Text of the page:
5 back to school lessons learned by a LGBTQ family

We are mere weeks away from our little one returning to school. Back-to-school supply ads and lists are dominating our dining table. Conversation about which backpack to use for school, which past classmates will be in this year's class and how we prioritize homework and soccer are taking place daily. For our family, back to school also means that our family has another opportunity to come out, be seen and expand our circle of friends. Our little man is a remarkable soon-to-be second grader. He's curious and friendly. He's independent and playful. And he's proud to his two mamas.

It's time to talk about leading and teaching our kids by example

We want so much for our kids, don't we? We want them to have what we wanted when we were younger, we want them to participate in life and enjoy every waking moment. We want them to learn, grow, thrive. We want their dreams to be sweet, we want the world to be kind to them. I think we end up feeling that if we throw money at our bag of wishes and wants for our children, somehow it will come to fruition. If we do THIS wonderful thing, THEN we'll get that wonderful result.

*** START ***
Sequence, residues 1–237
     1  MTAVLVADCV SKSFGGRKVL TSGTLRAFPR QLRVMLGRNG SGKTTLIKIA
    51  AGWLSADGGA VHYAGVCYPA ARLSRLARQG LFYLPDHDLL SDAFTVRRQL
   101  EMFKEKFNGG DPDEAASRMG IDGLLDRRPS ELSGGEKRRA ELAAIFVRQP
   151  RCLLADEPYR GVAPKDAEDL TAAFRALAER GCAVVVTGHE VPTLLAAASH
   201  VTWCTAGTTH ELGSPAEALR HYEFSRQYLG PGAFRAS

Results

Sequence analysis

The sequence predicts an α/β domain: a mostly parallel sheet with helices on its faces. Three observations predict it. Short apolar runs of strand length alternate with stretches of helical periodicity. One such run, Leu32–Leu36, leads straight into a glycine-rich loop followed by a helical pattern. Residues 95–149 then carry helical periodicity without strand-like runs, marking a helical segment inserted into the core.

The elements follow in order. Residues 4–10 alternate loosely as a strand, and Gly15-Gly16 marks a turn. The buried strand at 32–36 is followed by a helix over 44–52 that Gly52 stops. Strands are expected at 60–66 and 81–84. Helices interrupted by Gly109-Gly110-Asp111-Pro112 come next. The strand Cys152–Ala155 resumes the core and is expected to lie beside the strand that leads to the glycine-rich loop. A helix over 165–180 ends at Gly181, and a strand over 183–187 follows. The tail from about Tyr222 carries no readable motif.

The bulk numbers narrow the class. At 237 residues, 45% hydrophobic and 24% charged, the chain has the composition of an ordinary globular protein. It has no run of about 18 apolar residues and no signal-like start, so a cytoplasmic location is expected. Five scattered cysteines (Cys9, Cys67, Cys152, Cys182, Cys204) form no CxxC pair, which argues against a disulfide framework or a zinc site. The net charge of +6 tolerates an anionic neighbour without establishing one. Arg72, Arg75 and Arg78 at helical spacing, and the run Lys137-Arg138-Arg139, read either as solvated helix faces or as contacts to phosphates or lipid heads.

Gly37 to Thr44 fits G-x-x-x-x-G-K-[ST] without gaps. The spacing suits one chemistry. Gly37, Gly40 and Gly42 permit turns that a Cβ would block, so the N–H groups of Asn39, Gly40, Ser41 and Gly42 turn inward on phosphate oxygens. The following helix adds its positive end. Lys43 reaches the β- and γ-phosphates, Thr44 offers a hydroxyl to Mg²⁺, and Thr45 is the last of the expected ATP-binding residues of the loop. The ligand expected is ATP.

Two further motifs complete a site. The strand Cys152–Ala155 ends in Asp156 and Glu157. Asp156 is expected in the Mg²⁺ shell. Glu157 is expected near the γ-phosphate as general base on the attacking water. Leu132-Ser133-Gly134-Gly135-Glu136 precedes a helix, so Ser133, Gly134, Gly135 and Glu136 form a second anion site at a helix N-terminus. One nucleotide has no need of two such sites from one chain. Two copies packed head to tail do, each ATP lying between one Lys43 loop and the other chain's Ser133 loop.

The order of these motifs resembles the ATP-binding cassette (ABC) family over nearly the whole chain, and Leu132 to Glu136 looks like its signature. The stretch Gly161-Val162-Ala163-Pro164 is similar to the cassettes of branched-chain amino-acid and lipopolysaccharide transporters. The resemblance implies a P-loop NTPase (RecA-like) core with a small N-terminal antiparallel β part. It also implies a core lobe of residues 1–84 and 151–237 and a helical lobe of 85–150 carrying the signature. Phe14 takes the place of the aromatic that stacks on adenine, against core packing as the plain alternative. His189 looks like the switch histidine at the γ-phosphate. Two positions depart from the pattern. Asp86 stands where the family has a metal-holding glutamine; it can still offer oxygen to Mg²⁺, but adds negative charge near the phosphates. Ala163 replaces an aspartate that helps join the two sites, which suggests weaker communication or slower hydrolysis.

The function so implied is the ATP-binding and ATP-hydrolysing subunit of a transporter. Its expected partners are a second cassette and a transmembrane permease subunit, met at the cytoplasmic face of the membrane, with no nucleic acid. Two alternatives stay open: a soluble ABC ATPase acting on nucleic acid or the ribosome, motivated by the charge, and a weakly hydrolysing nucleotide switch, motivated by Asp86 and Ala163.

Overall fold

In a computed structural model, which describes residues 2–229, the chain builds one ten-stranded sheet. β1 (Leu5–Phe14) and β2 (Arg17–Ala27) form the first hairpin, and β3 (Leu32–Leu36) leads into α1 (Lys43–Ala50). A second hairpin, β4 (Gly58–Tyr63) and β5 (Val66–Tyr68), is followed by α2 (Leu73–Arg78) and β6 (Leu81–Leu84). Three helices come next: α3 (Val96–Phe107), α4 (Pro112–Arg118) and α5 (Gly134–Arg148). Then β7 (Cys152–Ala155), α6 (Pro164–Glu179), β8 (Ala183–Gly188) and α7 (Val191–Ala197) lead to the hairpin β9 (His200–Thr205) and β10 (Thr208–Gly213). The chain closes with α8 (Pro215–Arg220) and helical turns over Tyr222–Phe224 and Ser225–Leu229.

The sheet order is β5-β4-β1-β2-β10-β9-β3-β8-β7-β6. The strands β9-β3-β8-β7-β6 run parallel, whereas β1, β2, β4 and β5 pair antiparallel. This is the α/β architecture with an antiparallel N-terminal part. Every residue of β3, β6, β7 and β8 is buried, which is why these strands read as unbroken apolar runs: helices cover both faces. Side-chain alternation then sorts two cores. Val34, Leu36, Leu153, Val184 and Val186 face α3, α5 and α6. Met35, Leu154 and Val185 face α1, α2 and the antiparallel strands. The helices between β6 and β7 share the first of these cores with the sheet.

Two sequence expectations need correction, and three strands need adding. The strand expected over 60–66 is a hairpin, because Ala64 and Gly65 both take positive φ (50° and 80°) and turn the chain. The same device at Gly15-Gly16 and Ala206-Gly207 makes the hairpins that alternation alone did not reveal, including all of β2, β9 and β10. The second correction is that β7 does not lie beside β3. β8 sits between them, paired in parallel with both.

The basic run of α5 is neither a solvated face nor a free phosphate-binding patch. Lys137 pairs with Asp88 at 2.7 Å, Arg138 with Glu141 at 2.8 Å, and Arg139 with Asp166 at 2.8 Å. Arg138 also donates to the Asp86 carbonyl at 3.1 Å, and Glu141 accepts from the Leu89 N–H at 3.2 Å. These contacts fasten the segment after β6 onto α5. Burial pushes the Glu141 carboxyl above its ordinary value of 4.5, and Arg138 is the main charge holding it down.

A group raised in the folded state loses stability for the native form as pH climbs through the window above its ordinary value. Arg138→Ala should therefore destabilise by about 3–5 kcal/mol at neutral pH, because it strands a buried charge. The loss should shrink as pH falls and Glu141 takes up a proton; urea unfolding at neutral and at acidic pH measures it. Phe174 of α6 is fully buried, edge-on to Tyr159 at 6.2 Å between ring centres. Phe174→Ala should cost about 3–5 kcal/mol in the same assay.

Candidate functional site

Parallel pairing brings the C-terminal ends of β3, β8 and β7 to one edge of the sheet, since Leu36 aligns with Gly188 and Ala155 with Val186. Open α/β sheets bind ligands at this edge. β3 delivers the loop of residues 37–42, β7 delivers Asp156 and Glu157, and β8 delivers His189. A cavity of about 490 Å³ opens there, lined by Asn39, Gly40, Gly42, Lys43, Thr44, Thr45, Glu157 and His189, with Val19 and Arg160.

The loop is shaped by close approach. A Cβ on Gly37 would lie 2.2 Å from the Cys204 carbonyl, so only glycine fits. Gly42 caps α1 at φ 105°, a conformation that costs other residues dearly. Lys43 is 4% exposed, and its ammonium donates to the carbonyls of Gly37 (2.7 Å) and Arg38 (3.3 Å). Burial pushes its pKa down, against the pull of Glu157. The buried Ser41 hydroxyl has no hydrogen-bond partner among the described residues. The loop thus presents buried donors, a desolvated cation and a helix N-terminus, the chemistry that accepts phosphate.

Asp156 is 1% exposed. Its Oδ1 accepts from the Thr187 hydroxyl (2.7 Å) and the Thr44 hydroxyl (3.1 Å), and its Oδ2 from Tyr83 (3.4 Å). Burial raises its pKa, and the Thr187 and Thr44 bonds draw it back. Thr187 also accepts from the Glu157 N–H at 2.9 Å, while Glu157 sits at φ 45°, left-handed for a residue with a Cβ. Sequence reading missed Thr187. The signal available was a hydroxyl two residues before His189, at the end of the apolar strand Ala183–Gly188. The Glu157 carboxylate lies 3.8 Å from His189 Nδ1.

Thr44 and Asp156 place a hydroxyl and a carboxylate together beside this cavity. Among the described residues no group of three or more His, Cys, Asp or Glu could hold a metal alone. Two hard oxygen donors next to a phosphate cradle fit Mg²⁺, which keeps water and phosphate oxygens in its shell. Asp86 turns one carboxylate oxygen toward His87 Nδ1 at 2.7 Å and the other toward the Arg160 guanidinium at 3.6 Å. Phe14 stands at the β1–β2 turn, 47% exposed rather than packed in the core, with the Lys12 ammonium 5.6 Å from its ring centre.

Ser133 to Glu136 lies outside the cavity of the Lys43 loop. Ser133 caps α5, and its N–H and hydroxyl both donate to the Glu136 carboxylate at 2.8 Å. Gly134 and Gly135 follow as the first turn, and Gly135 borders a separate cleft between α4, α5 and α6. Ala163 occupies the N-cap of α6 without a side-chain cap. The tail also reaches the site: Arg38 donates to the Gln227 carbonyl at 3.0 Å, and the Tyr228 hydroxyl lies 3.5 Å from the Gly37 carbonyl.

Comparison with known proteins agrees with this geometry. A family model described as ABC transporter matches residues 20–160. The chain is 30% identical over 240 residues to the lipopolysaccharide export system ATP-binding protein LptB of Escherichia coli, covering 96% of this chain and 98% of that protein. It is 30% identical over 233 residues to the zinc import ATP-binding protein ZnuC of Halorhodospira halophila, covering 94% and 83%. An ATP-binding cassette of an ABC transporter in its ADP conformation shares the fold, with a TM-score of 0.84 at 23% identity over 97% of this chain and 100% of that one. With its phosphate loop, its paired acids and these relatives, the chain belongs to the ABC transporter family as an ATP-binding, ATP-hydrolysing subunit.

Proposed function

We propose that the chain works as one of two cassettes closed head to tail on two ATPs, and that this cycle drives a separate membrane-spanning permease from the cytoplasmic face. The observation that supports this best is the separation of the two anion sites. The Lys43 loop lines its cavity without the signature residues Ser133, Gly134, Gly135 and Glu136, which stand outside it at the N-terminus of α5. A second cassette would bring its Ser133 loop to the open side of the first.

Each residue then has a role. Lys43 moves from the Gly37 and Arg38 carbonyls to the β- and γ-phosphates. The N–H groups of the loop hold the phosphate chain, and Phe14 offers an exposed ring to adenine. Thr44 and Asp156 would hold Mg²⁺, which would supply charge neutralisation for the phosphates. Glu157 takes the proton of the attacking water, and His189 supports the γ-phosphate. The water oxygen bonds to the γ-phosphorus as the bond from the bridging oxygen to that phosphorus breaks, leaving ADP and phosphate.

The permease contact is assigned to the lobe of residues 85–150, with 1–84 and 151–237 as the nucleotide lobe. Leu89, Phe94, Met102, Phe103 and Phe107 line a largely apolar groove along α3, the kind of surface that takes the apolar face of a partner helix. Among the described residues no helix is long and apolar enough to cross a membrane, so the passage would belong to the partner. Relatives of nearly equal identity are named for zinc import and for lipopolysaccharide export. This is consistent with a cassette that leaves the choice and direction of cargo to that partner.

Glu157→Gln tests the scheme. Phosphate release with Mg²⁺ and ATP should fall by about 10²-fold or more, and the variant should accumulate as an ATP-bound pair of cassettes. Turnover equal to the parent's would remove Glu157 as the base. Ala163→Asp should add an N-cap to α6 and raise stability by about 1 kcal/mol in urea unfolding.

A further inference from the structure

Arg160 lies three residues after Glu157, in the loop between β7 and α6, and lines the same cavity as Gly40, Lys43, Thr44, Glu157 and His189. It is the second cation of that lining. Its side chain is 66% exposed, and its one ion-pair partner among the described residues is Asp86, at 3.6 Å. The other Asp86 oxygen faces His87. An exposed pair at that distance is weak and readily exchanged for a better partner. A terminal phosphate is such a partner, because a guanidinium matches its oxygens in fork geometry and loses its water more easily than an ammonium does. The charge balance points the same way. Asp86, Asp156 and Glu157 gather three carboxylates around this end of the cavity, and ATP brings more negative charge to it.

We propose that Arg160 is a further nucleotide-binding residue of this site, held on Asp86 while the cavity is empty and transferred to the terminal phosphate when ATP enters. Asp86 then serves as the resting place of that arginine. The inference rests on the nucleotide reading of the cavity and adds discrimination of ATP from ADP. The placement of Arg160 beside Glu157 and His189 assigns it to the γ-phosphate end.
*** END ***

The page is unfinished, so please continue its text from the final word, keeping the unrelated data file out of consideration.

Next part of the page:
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The importance of teaching kids about their bodies to protect them

I still remember the conversation, in the coat room of a restaurant for my eighth birthday where my parents tried to explain to me that I had done nothing wrong and why I needed to tell them when an adult acted in a way that made me uncomfortable. They also reiterated that while respecting adults is important that, my body belonged to me and that no one should yell at me, bully or ever touch me without my permission.

How I used physical sensations when explaining colours to a blind child

How do you explain the concept of colours to a small child who had never seen anything but black? When we got told that there was to be a blind child at our kindergarten class, we got sent to a course in how to best stimulate such a child. The number one thing we learned was to play with her other senses, which is often more developed than in people with normal eye sight.